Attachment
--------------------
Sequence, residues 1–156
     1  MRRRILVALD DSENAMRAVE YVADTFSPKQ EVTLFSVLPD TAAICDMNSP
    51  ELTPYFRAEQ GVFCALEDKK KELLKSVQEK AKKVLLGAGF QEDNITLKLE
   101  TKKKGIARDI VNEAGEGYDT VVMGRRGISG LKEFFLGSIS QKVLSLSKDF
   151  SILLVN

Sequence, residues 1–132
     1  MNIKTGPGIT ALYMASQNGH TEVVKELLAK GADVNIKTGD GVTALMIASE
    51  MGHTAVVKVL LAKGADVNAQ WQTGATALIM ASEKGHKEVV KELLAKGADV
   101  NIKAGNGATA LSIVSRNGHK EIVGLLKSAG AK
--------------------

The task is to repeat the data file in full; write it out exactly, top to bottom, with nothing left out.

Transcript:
Sequence, residues 1–156
     1  MRRRILVALD DSENAMRAVE YVADTFSPKQ EVTLFSVLPD TAAICDMNSP
    51  ELTPYFRAEQ GVFCALEDKK KELLKSVQEK AKKVLLGAGF QEDNITLKLE
   101  TKKKGIARDI VNEAGEGYDT VVMGRRGISG LKEFFLGSIS QKVLSLSKDF
   151  SILLVN

Sequence, residues 1–132
     1  MNIKTGPGIT ALYMASQNGH TEVVKELLAK GADVNIKTGD GVTALMIASE
    51  MGHTAVVKVL LAKGADVNAQ WQTGATALIM ASEKGHKEVV KELLAKGADV
   101  NIKAGNGATA LSIVSRNGHK EIVGLLKSAG AK